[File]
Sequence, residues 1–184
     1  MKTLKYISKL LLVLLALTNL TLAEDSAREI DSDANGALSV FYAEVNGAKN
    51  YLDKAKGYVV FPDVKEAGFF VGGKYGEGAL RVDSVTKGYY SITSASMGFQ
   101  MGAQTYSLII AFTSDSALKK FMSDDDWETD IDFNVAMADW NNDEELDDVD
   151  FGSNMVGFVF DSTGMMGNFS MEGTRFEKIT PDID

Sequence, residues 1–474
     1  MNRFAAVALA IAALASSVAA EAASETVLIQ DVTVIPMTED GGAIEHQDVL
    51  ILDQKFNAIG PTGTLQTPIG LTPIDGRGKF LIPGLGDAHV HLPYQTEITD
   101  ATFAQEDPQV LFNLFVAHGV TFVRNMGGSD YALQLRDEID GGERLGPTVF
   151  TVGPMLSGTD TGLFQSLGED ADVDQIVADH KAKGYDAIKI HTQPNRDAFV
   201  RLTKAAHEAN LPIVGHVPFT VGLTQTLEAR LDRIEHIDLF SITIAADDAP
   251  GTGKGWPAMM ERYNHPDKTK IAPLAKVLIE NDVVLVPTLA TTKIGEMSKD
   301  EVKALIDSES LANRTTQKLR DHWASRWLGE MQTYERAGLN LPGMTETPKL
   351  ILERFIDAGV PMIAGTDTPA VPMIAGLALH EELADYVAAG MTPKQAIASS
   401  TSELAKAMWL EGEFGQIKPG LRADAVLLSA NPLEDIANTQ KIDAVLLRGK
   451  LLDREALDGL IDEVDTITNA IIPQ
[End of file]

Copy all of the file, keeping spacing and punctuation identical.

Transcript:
Sequence, residues 1–184
     1  MKTLKYISKL LLVLLALTNL TLAEDSAREI DSDANGALSV FYAEVNGAKN
    51  YLDKAKGYVV FPDVKEAGFF VGGKYGEGAL RVDSVTKGYY SITSASMGFQ
   101  MGAQTYSLII AFTSDSALKK FMSDDDWETD IDFNVAMADW NNDEELDDVD
   151  FGSNMVGFVF DSTGMMGNFS MEGTRFEKIT PDID

Sequence, residues 1–474
     1  MNRFAAVALA IAALASSVAA EAASETVLIQ DVTVIPMTED GGAIEHQDVL
    51  ILDQKFNAIG PTGTLQTPIG LTPIDGRGKF LIPGLGDAHV HLPYQTEITD
   101  ATFAQEDPQV LFNLFVAHGV TFVRNMGGSD YALQLRDEID GGERLGPTVF
   151  TVGPMLSGTD TGLFQSLGED ADVDQIVADH KAKGYDAIKI HTQPNRDAFV
   201  RLTKAAHEAN LPIVGHVPFT VGLTQTLEAR LDRIEHIDLF SITIAADDAP
   251  GTGKGWPAMM ERYNHPDKTK IAPLAKVLIE NDVVLVPTLA TTKIGEMSKD
   301  EVKALIDSES LANRTTQKLR DHWASRWLGE MQTYERAGLN LPGMTETPKL
   351  ILERFIDAGV PMIAGTDTPA VPMIAGLALH EELADYVAAG MTPKQAIASS
   401  TSELAKAMWL EGEFGQIKPG LRADAVLLSA NPLEDIANTQ KIDAVLLRGK
   451  LLDREALDGL IDEVDTITNA IIPQ